Asset owners may have more leverage in fee negotiations with managers than they think.
Peter Laurelli, global head of research at Nasdaq-owned eVestment, compiled fee data from managers of different equity strategies and compared it to the actual fees paid after investors negotiated with their managers. He also compared the size of the allocation to the fees paid. The study found that there is no direct correlation between outperforming strategies and higher management fees.
“If you’re an asset owner, [this data] gives you an understanding of the range of fees you should expect when going through the negotiation process,” Laurelli told Institutional Investor.
In most cases, Laurelli found that public plans negotiated discounts and ended up paying lower fees than the initial account management fee. The report said this phenomenon is typical, even in commitments with managers who start with smaller initial fee agreements.
The study also found that larger allocations often come with lower median manager-reported fees. For example, Laurelli found that large-cap growth strategies charged median fees of 0.65 percent when the allocation was at $10 million. When the allocation reached $250 million, that median fee dropped to 0.45 percent. Laurelli said managers are pressured to lower their fees when the swaths of money are larger because they need to remain competitive with other managers who may offer allocators a better deal.
The same thing happened when eVestment looked at small-cap strategies. For small-cap growth investments valued around $10 million, managers charged a median fee of 0.9 percent. This fee percentage decreased as the size of the commitment increased. By the time the allocation reached $250 million, the fee was down to 0.74 percent.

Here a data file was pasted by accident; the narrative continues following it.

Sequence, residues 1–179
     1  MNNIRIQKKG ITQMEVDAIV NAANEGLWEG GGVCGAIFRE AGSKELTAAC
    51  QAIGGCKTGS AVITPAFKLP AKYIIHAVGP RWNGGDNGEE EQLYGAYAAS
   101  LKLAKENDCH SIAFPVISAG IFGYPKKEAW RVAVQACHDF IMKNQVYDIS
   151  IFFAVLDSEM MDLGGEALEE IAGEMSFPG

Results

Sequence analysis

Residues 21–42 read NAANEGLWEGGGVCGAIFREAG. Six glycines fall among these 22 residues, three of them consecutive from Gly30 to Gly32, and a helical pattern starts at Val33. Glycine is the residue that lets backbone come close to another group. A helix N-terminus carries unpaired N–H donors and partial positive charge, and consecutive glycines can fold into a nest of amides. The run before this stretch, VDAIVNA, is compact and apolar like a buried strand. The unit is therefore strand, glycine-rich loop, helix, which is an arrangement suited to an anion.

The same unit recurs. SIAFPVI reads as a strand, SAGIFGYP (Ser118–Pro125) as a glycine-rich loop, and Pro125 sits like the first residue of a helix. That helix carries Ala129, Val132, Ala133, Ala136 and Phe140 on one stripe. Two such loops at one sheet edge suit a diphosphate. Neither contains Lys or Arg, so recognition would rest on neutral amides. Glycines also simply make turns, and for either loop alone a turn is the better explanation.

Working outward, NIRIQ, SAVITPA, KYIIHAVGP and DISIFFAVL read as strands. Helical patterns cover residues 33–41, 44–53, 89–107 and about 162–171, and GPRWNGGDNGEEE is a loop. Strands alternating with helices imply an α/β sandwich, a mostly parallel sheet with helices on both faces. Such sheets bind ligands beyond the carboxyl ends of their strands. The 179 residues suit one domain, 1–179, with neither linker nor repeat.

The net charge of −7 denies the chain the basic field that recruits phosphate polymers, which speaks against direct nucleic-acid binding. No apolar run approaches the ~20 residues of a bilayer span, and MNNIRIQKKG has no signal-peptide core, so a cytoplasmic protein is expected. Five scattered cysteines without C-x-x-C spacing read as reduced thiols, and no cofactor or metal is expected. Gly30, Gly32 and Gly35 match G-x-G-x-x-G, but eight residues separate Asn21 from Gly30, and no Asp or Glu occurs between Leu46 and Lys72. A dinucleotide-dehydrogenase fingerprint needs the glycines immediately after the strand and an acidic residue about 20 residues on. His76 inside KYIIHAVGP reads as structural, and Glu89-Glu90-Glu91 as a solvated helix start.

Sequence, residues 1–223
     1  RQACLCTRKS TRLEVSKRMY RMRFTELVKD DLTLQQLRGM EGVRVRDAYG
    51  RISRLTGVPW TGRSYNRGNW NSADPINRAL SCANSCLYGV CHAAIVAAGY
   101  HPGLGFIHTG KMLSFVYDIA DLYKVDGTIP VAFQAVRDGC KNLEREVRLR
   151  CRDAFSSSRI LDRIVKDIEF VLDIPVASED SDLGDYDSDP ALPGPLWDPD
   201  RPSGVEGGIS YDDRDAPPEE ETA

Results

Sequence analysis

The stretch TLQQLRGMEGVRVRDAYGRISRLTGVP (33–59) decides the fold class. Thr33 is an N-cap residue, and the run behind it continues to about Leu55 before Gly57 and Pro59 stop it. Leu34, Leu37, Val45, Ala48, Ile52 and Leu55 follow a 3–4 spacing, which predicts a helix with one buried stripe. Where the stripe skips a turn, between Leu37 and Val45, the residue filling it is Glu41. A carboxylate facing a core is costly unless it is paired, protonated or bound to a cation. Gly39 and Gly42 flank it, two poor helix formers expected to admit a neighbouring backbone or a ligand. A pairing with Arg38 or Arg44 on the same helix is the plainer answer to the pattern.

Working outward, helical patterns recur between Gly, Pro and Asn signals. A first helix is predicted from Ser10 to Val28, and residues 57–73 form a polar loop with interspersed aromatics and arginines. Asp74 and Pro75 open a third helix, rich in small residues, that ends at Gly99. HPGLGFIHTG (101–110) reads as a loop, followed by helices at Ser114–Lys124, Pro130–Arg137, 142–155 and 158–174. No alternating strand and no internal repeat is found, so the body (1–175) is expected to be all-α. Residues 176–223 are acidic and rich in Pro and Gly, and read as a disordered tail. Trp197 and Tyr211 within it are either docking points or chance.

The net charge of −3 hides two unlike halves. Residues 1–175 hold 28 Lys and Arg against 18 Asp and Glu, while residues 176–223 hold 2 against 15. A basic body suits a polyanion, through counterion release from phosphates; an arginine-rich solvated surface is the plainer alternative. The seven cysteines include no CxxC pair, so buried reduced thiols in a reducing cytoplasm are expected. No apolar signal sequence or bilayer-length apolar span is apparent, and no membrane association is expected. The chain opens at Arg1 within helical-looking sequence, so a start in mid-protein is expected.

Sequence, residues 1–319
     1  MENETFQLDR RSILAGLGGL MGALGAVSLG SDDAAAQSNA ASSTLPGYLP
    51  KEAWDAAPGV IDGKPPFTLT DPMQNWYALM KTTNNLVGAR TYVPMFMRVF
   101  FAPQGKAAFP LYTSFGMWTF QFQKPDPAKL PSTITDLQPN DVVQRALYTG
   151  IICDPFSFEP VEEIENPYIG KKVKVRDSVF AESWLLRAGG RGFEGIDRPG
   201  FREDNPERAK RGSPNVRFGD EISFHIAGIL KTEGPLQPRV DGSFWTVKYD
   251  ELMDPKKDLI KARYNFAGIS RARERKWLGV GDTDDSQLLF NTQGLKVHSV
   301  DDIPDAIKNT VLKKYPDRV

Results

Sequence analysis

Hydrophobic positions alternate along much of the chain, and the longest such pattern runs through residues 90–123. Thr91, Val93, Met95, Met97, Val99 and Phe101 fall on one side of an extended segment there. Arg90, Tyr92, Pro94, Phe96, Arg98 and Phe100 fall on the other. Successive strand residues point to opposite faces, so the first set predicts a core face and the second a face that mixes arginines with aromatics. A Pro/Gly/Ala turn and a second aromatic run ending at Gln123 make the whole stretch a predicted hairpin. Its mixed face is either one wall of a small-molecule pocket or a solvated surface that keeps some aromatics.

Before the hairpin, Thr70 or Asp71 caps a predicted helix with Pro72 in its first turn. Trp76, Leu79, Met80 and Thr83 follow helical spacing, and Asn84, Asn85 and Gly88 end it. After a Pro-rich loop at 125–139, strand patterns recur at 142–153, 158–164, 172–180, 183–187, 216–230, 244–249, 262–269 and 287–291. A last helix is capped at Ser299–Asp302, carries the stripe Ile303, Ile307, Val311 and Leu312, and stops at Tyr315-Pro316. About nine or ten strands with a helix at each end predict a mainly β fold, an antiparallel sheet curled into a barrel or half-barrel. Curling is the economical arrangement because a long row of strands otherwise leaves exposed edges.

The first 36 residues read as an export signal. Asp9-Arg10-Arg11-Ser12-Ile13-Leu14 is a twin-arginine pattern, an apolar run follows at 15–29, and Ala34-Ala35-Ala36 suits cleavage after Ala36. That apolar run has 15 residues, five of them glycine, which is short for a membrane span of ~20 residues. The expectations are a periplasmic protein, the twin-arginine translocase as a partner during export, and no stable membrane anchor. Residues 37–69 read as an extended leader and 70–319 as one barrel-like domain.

The “most notable” difference in actual fees paid by a public plan and the original stated management fees occurred when there was an agreement to use a performance-based fee structure, the report said. With a performance-based fee structure, plans are charged smaller annual management fees but are required to share a percentage of the returns with the manager.
For the study, eVestment analyzed 88 public plan commitments and found that managers of half of the analyzed products said they offered a performance-based structure as an option for their clients. Forty-one managers said they don’t offer this kind of structure, and three did not answer the question.
“We’ve received requests from asset owners after seeing this report who are going through the process of trying to figure out if performance-based fee structures are more beneficial and how they can benchmark those,” Laurelli said. “That is a discussion that is ongoing among asset owners.”
Laurelli said that this data shows that if asset owners and managers agree on a performance-based fee structure, there is more room for negotiation. He said this is something that is still in the works, a process that will play out in the industry over time.
There was a single case in the study in which the fee paid was higher than the stated management fee. In this allocation, the $70 million actual commitment amount was smaller than the $100 million minimum for a separate account, resulting in a higher fee for the asset owner.
“A manager who might be attracted to an asset owner is willing to accept a lower commitment than they’re used to for the relationship, but it will come at a cost to the asset owners,” Laurelli said.